"Welcome to the McCain Ranch"
Day of Reckoning
It was a busy Sunday morning with all the citizens of North Fork getting ready for church. Mark and I rode in that morning from a trip and were all dressed up in our Sunday best. Micah was coming out of his office when we rode up, and he gave us a friendly greeting. "I see the two cattle barons are back from the big city!"
"We got eighteen dollars a head Micah!" Mark announced proudly.
Micah was sure impressed. "Well...that's a pretty good price for beef these days. Did you get all twenty head safe to market Lucas?"
"No trouble at all," I said. We had cut the trip short because I had told Micah I would cover for him so he could go to the Marshal's Convention. He said since we got back earlier than expected, he would leave right after church. I told him we were heading to church now. “Sit with us?”
As we walked, Micah started talking about the town preacher. “I hope you don’t mind the town council votin’ on a new preacher while you were gone. He an’ his son arrived sooner than expected.”
“That’s fine with me. I’ll always go along with the majori-“ I suddenly stopped when I saw our new preacher. I didn’t like what I was seeing!
“You uh…know Preacher Jaminson?” Micah asked.
I didn’t answer. I rushed toward the church, shoving people out of my way as I went. I hurried right up to the preacher. "Micah...did this man tell you anything about himself?"
"He did. We took into consideration that he was outside the law for a spell. But he served his time in prison and paid his debt to society."
I was so angry as I dished out my accusations. "Did he tell you how he rode the Oklahoma border? Burning out settlers...stealing their lands…dishing out misery for so many dollars he could spend in a saloon?"
Jamison spoke in his defense. "What I did in a wild youth was inexcusable. And all I can do is ask for forgiveness for those I hurt. Whatever may have been done to you...I ask your forgiveness.”
"Forgiveness!” I spat out. My voice grew angrier as I spoke. I was so mad I couldn’t see straight! “Did you tell them everything Jamison? How you were hunted like an animal after you grew too old and slow? After you lost your nerve with a gun! How you finally had no place to turn to or rocks to crawl under! Is that the only way you can get a peaceful nights sleep? Hiding behind that collar?!"
"Lucas!" Micah warned.
I then grabbed a hold of Jamison by his jacket. I felt rage boiling up inside me. "Jamison I swore I'd kill you if I ever-"
“Lucas!" Micah hurried forward and put a restraining hand on my shoulder. I was mad! I mean really mad! I stared silently as Jamison for several moments, then I turned and hurried away from the church. Mark ran after me, confused and worried for me. He’d never seen me act this way toward another person – especially a man of the cloth.
Micah stayed for the service regardless of how I felt. He waited until everyone left, then he complimented Jamison on the fine sermon. He announced that some of the town folk would be working on the rectory this afternoon. They wanted to hurry and get it finished for him.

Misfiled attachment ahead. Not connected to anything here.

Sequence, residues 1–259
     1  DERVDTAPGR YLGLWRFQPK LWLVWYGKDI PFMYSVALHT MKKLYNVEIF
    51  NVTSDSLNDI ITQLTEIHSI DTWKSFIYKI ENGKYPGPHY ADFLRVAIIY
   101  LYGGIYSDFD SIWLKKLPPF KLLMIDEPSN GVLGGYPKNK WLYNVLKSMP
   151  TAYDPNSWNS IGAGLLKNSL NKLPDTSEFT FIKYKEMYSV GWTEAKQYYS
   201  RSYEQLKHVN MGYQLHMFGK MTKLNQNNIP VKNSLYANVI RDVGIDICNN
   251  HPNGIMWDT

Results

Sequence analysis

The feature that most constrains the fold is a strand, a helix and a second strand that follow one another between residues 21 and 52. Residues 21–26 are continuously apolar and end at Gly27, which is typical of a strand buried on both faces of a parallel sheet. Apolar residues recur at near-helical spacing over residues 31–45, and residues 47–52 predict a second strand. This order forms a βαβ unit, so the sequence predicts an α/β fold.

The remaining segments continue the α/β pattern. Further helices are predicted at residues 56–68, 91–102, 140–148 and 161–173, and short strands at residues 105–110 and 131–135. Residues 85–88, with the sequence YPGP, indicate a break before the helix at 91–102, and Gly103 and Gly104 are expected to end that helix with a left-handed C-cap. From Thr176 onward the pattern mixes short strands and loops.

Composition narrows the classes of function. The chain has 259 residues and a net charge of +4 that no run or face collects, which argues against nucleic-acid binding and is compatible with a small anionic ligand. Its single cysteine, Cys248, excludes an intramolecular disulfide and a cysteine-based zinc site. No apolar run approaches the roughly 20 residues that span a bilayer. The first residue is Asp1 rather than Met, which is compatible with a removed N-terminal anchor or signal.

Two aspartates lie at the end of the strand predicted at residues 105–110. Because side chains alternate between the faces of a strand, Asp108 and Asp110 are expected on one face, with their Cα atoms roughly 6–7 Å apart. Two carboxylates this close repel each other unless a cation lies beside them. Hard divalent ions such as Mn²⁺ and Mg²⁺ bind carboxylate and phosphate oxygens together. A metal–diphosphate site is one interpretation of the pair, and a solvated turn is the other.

I was over at Micah’s office, still very upset over what I had experienced. Mark was there with me, waiting for me to speak.
"Mark I'm sorry you had to witness what happened at the church."
"I understand Pa. You had a good reason to talk to Mr. Jamison like that." Mark was trying to be supportive and understanding.
I was glad, because I needed someone to talk to. "It must have been nearly twenty five years ago. Jamison rode the Oklahoma border country before there was any law. He'd do anything to force a farmer out. Anything short of killing them...he was to smart for that." Mark remembered me telling him how I watched my own Pa's farm burn. “The house an’ barns, and fields. A lifetime of my Pa's work. When he died, my Pa died he was an unhappy man. The army finally came in and put an end to Jamison's raids.”
"Pa...I'm not taking Mr. Jamison's part but maybe he's really sorry for what he had done!" I didn't like what I was hearing. I was too mad to think about it.
"Mark it's more then what he's done! It's the hypocrisy..." I heard Micah’s horse whinny outside the office. I rushed outside to confront my friend. “Micah, how could you an’ the Town Council be taken in by Jamison?”
Micah stayed firm in front of me. “It’s still a question of whether we were, I’d say.”
I put a hand on my hip and glared at him. “Well, there’s no question in my mind!” I declared. “Jamison is nothing but a coward hiding behind a cloth!”
Micah took a step towards me. "I was just telling him that when you cool down you would be the first to say a man has the right to another chance." Maybe this would be so if he had come into North Fork and opened up a General Store or to buy a piece of land to farm, I wouldn't be saying a word. Every man fresh out of prison has the right to a fresh start. But I felt he was just using the church. Micah stopped me from saying anymore. “Do you think your feelings about the preacher will have an effect on your work as a deputy while I’m gone?”
“Why would it?” I answered his question with one of my own. Micah reminded me Jamison was still a citizen and deserved my protection.
"Now look Micah. I despise the ground that Jamison walks on. From now on Mark and I will go to the Marionette Church. But I’ll treat Jamison just like anybody else as long as I’m wearing this badge, alright?” That was good enough for Micah. He hoped by the time he got back my opinion of Jamison would be changed. Micah said goodbye to Mark. “Stay away from that redeye at the convention,” I warned him in a softer voice. I reckon I was trying to make some sort of peace with my friend. Micah assured me three drinks was his limit, then he rode off.
The town folks were busy working on the rectory. Two men rode into town. They were the Breen brothers, Willie and Charley. They stopped in front of Jamison and laughed. The brothers joked about him running another church and wondering if he was wearing a gun yet. Jamison insisted that he no longer wore a gun. “Now, I wonder why that’d be. I hear a man has a…powerful likin’ for a gun. All of a sudden figurin’ he’s better off not wearing one!’ One of the brother joked. The other brother joked that Jamison felt a lot safer with a backwards collar.